The Panasonic Lumix DMC-GX8 may be the first Micro Four Thirds camera to sport a 20.3-million-pixel sensor, but it has a whole host of other updates too. Andy Westlake takes it for a spin
Panasonic Lumix DMC GX8 review: Image quality
With its new 20.3-million-pixel sensor, the GX8 brings a useful advance in image quality compared to previous Panasonic models. The expected boost in resolution is welcome, if not exactly groundbreaking, and high ISO noise seems slightly reduced, with ISO 3,200 very usable where on previous cameras it was a bit marginal. There also appears to be some improvement to low ISO dynamic range. I found that it’s possible to pull about 3 stops of detail out of shadow regions before noise becomes problematic, although you’ll need to use a touch of chroma noise reduction even at ISO 200. These individual improvements aren’t necessarily huge, but together they help close the gap relative to the current generation of 24-million-pixel APS-C DSLRs, and it means that the GX8 has the best raw image quality of any Micro Four Thirds camera yet.
With resolution closing in on 3,600l/ph at ISO 100 (shot using the Olympus 60mm f/2.8 Macro lens at f/5.6), the GX8 squeezes about as much out of its 20.3-million-pixel sensor as it could possibly get. Resolution inevitably drops slightly as ISO is increased, and noise with it, but at ISO 1,600 it’s still around 3200l/ph, which in context is similar to the 16-million-pixel G7 at ISO 200. Thereafter, it falls more precipitously, especially at the top two sensitivities, giving just 2,300l/ph at ISO 25,600.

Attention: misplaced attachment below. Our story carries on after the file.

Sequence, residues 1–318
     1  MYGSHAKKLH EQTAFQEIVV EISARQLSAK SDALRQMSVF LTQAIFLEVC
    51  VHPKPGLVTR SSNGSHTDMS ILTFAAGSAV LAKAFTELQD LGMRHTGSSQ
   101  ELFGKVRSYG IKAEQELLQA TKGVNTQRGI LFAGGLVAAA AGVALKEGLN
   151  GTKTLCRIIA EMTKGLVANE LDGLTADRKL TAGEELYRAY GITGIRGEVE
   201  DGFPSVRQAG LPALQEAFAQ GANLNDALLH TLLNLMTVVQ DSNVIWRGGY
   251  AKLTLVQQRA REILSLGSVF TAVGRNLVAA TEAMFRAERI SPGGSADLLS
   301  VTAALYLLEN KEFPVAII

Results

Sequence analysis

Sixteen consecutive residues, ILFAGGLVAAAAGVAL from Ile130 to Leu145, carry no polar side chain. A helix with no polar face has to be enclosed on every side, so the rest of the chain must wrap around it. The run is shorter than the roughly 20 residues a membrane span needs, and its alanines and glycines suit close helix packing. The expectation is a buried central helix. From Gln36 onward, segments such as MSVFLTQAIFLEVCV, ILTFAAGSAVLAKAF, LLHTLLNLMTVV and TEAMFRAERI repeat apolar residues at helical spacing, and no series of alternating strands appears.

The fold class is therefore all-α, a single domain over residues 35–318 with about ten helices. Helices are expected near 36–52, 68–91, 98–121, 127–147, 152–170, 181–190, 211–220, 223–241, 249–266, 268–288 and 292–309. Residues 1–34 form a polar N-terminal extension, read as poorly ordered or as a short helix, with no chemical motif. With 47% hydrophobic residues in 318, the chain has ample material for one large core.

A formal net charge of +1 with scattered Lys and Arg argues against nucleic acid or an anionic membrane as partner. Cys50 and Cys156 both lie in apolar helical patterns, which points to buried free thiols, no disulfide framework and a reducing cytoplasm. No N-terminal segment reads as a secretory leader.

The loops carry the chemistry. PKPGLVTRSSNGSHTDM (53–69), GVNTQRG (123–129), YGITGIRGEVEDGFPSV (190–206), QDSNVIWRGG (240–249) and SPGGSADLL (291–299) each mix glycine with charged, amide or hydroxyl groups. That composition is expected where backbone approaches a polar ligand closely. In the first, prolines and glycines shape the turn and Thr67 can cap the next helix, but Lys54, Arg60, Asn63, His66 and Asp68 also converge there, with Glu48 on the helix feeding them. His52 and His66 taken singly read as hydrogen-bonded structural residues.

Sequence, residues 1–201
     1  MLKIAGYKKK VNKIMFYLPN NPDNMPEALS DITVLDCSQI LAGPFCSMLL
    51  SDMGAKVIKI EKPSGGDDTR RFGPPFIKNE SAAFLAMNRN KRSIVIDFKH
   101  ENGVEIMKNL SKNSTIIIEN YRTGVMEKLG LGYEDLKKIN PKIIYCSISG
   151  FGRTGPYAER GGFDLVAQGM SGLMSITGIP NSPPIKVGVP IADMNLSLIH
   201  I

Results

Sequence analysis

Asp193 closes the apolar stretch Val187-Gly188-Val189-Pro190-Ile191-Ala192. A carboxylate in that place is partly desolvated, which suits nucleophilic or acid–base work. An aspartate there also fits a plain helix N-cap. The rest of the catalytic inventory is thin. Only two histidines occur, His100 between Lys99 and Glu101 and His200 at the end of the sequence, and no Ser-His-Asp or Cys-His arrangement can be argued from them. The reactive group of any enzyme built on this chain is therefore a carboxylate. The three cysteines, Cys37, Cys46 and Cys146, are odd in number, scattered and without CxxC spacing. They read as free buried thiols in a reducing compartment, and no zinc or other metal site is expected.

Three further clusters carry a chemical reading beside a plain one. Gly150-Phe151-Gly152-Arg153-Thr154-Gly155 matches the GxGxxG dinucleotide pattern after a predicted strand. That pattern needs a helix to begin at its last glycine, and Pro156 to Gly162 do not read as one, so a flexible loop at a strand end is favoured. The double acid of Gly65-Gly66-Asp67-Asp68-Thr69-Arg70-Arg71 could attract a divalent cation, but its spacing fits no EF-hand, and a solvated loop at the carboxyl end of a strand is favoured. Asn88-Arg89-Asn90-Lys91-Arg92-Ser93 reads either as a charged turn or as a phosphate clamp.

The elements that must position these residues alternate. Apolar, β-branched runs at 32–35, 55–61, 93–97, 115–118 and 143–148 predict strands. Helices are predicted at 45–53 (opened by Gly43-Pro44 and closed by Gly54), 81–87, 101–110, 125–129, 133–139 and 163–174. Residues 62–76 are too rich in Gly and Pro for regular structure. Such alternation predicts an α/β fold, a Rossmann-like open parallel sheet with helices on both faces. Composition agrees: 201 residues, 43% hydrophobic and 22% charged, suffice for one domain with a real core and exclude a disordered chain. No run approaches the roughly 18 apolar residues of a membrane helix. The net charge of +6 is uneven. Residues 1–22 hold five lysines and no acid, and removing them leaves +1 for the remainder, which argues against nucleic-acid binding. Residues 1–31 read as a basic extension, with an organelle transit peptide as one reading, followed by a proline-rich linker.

The GX8 produces creditable results in our Applied Imaging tests, giving somewhat improved results compared to the G7 we tested recently, although still a little behind APS-C cameras like the Canon EOS M3. A dynamic range of 11.6EV at ISO 100 indicates plenty of leeway for recovering shadow detail, and even at ISO 1,600 we get a respectable reading of 9.4EV. However, the numbers fall monotonously after this, with very low readings at ISO sensitivities of 12,800 and 25,600.
ISO sensitivity and noise
At low sensitivities of ISO 100-400, the GX8 gives sharp, detailed images with bright colours and little visible noise. At ISO 800 noise starts to become obvious in raw files, but Panasonic’s JPEG processing smooths it away quite aggressively, with some impact on fine detail. By ISO 3,200 fine detail has mostly disappeared from JPEGs, and shadow detail has become indistinct, although more can be extracted from raw files. ISO 6,400 is just about usable at a pinch, but the JPEG files show low-frequency colour blotching in the shadows and barely any fine detail at all – shooting in raw and applying your own preferred noise reduction is highly advisable here. Step up to ISO 12,800 and things deteriorate further, although it might be OK for small prints or low-resolution web display. However, the top sensitivity of ISO 25,600 is best avoided.